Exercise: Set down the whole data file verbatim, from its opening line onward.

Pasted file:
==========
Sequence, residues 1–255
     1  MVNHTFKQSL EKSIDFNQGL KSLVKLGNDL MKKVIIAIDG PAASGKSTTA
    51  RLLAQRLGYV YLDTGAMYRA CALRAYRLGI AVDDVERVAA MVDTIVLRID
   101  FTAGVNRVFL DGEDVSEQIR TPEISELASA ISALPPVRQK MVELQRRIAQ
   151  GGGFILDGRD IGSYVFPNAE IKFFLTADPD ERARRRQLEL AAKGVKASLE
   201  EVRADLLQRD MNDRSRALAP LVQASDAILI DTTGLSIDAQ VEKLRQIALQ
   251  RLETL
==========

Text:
Sequence, residues 1–255
     1  MVNHTFKQSL EKSIDFNQGL KSLVKLGNDL MKKVIIAIDG PAASGKSTTA
    51  RLLAQRLGYV YLDTGAMYRA CALRAYRLGI AVDDVERVAA MVDTIVLRID
   101  FTAGVNRVFL DGEDVSEQIR TPEISELASA ISALPPVRQK MVELQRRIAQ
   151  GGGFILDGRD IGSYVFPNAE IKFFLTADPD ERARRRQLEL AAKGVKASLE
   201  EVRADLLQRD MNDRSRALAP LVQASDAILI DTTGLSIDAQ VEKLRQIALQ
   251  RLETL